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In this community of blind people there is still one set of functioning eyes: the doctor's wife has affected blindness in order to accompany her husband to the asylum. As the number of victims grows and the asylum becomes overcrowded, systems begin to break down: toilets back up, food deliveries become sporadic; there is no medical treatment for the sick and no proper way to bury the dead. Inevitably, social conventions begin to crumble as well, with one group of blind inmates taking control of the dwindling food supply and using it to exploit the others. Through it all, the doctor's wife does her best to protect her little band of blind charges, eventually leading them out of the hospital and back into the horribly changed landscape of the city.
Blindness is in many ways a horrific novel, detailing as it does the total breakdown in society that follows upon this most unnatural disaster. Saramago takes his characters to the very edge of humanity and then pushes them over the precipice. His people learn to live in inexpressible filth, they commit acts of both unspeakable violence and amazing generosity that would have been unimaginable to them before the tragedy. The very structure of society itself alters to suit the circumstances as once-civilized, urban dwellers become ragged nomads traveling by touch from building to building in search of food. The devil is in the details, and Saramago has imagined for us in all its devastation a hell where those who went blind in the streets can never find their homes again, where people are reduced to eating chickens raw and packs of dogs roam the excrement-covered sidewalks scavenging from corpses.
And yet in the midst of all this horror Saramago has written passages of unsurpassed beauty. Upon being told she is beautiful by three of her charges, women who have never seen her, "the doctor's wife is reduced to tears because of a personal pronoun, an adverb, a verb, an adjective, mere grammatical categories, mere labels, just like the two women, the others, indefinite pronouns, they too are crying, they embrace the woman of the whole sentence, three graces beneath the falling rain." In this one woman Saramago has created an enduring, fully developed character who serves both as the eyes and ears of the reader and as the conscience of the race. And in Blindness he has written a profound, ultimately transcendent meditation on what it means to be human. --Alix Wilber --This text refers to the Hardcover edition.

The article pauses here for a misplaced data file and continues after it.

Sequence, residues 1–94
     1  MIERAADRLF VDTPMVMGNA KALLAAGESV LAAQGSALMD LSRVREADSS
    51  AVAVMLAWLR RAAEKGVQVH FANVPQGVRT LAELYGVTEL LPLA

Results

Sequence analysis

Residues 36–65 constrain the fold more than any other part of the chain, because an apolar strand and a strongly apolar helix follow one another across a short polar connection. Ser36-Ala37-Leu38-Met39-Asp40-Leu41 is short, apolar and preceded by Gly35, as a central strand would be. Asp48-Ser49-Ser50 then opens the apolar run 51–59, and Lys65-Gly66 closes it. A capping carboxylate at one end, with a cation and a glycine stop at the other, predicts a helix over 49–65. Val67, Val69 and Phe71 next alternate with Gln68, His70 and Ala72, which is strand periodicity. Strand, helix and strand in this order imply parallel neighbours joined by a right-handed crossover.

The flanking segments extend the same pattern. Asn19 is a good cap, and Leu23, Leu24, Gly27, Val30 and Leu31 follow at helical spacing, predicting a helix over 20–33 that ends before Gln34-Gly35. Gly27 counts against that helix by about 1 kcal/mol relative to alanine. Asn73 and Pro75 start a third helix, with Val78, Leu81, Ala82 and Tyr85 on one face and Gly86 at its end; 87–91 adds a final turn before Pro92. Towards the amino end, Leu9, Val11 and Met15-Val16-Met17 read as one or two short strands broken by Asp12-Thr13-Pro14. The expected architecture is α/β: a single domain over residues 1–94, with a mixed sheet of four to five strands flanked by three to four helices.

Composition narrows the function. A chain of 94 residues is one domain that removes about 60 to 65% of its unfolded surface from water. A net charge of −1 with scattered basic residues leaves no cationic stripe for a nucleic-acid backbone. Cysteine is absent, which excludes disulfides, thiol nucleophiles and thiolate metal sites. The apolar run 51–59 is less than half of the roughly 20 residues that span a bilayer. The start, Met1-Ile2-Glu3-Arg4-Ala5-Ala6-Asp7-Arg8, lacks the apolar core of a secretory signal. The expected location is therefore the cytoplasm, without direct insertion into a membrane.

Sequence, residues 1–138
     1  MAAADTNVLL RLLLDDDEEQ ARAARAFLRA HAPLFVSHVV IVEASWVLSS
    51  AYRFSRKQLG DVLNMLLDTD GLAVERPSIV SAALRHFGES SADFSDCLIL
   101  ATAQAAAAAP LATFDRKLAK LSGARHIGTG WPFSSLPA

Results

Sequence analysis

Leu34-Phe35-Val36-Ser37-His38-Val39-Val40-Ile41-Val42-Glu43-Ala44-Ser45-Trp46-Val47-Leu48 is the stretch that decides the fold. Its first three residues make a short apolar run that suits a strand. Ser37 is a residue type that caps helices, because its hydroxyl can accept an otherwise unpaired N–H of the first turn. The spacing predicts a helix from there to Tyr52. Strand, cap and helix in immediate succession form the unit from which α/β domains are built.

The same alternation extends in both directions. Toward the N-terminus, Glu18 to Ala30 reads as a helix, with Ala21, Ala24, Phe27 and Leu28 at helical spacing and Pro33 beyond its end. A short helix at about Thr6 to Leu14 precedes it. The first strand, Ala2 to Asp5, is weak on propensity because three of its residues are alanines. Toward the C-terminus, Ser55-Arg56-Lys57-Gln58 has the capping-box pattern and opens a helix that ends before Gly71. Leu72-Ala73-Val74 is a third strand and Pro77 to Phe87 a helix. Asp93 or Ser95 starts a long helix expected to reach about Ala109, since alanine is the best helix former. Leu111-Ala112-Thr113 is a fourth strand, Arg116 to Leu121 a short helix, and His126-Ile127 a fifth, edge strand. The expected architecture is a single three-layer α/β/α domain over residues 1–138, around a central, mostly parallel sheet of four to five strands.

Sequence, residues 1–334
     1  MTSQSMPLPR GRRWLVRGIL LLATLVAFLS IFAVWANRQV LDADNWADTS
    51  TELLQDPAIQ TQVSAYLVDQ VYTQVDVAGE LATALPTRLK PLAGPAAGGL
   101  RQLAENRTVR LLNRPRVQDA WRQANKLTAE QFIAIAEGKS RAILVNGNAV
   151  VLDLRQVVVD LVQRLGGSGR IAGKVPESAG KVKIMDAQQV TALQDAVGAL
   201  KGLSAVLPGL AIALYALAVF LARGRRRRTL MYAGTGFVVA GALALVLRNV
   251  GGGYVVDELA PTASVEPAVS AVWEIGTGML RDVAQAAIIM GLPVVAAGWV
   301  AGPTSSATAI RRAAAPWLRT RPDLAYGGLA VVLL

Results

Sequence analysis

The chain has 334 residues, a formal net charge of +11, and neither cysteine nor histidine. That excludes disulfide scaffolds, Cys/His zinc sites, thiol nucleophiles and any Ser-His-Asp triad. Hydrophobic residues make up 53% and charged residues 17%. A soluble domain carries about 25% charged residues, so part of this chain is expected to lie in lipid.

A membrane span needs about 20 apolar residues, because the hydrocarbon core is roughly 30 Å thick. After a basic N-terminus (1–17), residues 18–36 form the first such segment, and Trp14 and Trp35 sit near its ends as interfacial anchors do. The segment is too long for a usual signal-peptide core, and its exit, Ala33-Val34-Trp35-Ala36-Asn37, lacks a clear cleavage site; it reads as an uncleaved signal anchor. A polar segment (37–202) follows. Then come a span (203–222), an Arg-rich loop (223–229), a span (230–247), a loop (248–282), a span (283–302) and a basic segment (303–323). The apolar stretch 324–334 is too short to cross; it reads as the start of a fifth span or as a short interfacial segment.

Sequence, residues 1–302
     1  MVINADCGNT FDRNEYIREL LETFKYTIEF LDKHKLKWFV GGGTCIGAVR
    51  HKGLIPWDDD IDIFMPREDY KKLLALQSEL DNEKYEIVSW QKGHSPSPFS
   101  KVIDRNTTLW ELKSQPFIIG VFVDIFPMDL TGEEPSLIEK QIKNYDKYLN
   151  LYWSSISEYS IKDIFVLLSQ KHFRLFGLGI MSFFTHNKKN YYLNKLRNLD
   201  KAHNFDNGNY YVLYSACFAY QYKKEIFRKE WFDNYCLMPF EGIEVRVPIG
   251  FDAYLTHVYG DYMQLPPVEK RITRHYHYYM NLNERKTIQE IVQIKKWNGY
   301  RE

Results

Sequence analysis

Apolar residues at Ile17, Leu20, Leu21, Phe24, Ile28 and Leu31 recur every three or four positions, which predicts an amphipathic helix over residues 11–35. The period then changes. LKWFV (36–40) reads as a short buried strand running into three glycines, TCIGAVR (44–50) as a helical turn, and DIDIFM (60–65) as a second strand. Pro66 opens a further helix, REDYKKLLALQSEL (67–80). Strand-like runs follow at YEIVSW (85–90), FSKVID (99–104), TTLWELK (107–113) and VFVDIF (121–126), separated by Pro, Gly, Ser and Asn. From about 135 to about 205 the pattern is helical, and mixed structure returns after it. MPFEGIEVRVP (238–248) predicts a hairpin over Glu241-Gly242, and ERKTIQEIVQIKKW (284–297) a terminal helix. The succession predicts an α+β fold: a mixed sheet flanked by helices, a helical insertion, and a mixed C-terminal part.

a wonderful read, shocking at times and stunningly original - you'll want to read EVERYTHING he's ever writtenPublished 2 months ago by S. Cuschieri
I read this book a few years ago now but I find the story still haunts me. I found it difficult at first time adjust to the authors style of writing, however the story quickly... Read morePublished 20 months ago by Ggreeneyes
Blindness is one of those books that's really like no other I've read. It's written in a unusual style but one that was an easy read once you got into the rhythm. Read morePublished on Dec 30 2011 by Kadi Kaljuste
Amazing, Amazing and Amazing. If you are into different writing styles, you will love Jose Saramago's style. Takes getting used to, but when you do, you will get hooked. Read morePublished on Oct. 14 2009 by S. El-Hilo
The great gift of this writer is that he can write a simple story with simple words producing in the final an astonishing result. Read morePublished on July 8 2009 by M. Rau
Saramago's Blindness is such a compelling story that despite the style of writing and lack of punctuation, it was still a page turner. Read morePublished on May 4 2009 by mellyboo
I bought a book to read over the Christmas holidays and WOW - I certainly found one in BLINDNESS. It's the type of story that once you begin reading you want to (or feel you have... Read morePublished on Jan. 4 2009 by Sheila J. Croome
Our book club chose this book recently and almost everyone in our group loved it. It is a fascinating story and character study. Read morePublished on Feb. 24 2008 by Edmonton book lover
Une oeuvre dure, impacable même, sur la laideur de la nature humaine dans toute son horreur et son égoïsme, mais qui voit les personnages s'accrocher au plus mince espoir de... Read morePublished on March 10 2005